Background The postgraduate program in rheumatology aims learning of musculoskeletal and autoimmune disorders. In México, objectively-structured clinical examination (OSCE) is applied in postgraduate certification processes by the Mexican Board of Rheumatology annually . Peláez-Ballestas et al. described an epidemiological study (COPCORD, Community Oriented Program for the Control of Rheumatic Diseases) of 19,213 individuals in 5 regions in our country where they found a prevalence of musculoskeletal pain in 25.5%, osteoarthritis in 10.5%, back pain in 5.8%, rheumatic regional pain syndromes in 3.8%, rheumatoid arthritis (RA) in 1.6%, and fibromyalgia in 0.7% .
Objectives The aim of the study is to describe the student training in rheumatic diseases and correlate them with OSCE assessment and the prevalence of rheumatic diseases in our population.
Methods An observational and analytical study was made between March 2014 to March 2015 in a single rheumatology training center at University Hospital. Student training was defined according to the times they evaluated patients with a determined diagnosis, this information was obtained by medical records. We categorize OSCE questions according to the rheumatic diagnosis. Finally, the two results were compared with prevalence of the rheumatic diagnosis according to COPCORD, which were registered according a score pain >4. We made descriptive statistics and a Spearman's Rho to evaluate the correlations of the diagnosis frequencies by each category.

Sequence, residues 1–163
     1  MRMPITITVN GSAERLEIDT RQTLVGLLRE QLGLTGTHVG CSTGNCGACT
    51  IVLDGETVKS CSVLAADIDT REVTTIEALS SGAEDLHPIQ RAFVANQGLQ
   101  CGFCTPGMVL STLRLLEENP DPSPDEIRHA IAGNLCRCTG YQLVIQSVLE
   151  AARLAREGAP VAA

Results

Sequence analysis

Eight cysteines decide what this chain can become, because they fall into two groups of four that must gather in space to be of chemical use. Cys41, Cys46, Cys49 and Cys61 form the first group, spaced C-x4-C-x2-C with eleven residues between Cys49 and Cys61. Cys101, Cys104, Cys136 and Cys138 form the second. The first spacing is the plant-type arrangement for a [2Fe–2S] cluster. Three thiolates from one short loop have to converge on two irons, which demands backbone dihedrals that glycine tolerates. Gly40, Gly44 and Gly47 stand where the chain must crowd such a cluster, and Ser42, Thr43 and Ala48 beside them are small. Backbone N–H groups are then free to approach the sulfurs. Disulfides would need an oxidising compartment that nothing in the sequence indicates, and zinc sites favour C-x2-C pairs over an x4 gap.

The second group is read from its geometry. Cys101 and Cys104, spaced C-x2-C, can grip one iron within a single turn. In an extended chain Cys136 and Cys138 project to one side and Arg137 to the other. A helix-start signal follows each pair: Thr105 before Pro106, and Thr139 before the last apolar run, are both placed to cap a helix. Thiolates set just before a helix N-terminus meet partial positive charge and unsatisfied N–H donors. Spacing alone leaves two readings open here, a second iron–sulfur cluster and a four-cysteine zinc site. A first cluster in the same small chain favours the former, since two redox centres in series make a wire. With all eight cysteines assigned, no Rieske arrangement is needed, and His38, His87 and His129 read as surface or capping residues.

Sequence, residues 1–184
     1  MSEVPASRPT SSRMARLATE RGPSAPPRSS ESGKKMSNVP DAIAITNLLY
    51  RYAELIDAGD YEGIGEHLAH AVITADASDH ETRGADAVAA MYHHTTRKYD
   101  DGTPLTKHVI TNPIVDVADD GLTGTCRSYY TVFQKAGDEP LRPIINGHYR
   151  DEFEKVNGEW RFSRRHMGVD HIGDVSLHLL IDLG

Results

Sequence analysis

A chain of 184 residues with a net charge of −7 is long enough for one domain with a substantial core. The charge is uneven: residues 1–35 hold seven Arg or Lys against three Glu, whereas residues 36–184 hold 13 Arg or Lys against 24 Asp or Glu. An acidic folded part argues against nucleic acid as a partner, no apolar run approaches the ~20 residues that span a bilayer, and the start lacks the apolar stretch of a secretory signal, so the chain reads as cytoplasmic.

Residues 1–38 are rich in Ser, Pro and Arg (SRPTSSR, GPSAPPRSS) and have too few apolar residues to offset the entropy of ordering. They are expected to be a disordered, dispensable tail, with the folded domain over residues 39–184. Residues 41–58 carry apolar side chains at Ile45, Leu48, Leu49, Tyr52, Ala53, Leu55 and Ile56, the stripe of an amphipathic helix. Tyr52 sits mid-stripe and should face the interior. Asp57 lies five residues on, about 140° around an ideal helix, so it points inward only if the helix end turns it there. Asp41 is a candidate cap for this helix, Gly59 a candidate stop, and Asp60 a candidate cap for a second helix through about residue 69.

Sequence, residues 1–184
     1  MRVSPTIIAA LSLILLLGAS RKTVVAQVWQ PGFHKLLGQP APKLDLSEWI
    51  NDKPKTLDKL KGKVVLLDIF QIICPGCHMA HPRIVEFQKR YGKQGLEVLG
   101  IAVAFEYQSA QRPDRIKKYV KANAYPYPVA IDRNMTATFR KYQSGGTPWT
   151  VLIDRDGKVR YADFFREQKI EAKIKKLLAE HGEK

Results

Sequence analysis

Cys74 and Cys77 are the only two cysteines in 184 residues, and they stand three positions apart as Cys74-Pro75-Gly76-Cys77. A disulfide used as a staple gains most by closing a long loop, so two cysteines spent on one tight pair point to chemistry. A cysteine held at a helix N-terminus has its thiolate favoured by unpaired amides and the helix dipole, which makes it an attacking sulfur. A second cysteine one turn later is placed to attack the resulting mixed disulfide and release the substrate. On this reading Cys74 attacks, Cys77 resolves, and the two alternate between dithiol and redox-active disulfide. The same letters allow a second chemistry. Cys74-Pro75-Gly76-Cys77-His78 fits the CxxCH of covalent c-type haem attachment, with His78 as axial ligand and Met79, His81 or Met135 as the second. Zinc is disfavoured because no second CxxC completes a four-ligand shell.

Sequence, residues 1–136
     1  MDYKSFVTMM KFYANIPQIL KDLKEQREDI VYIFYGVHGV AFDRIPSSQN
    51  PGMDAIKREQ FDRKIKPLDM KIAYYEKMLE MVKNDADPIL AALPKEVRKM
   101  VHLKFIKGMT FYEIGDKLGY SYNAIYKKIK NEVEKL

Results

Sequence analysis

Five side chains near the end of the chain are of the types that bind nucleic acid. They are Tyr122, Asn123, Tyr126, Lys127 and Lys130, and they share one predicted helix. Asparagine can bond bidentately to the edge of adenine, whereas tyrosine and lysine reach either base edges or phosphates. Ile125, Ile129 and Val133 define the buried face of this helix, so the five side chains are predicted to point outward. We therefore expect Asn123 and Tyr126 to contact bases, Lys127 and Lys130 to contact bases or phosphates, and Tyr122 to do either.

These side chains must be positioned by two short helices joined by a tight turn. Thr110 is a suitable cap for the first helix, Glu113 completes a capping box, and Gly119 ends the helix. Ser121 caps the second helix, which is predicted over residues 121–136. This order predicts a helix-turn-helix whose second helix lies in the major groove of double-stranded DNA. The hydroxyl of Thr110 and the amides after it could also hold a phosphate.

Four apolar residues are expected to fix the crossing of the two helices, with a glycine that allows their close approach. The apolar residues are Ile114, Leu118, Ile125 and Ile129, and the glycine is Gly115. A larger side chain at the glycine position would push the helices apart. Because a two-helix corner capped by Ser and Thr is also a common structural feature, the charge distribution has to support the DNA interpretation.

Results We reviewed 6279 medical records, 854 (13.6%) were of first-time evaluation. We had 5,400 (86.4%) women, with a mean age of 47.9 (SD 15.45) years.
Descriptive statistics are in Table 1 and Figure 1, which included: medical consultations, OSCE assessment and a column with rheumatologic diagnosis according to COPCORD.
The Spearman correlation coefficients of the 32 different diagnoses were: student training vs OSCE 0.492 (p=0.004), student training vs COPCORD 0.597 (p=0.01) and OSCE vs COPCORD 0.624 (p=0.01).
Conclusions Although the most common musculoskeletal disease in our community did not obtain the frequency observed by students or evaluated in the OSCE, we observed a moderate correlation. We considered it is important to enhance the knowledge and improve the OSCE according to the most prevalent diseases to prepare the future rheumatologists.
Pascual Ramos V, et al. Reumatol Clin 2014; doi: 10.1016/j.reuma.2014.10.007.
Peláez-Ballestas I, et al. J Rheumatol Suppl 2011;86:3–8.
Disclosure of Interest None declared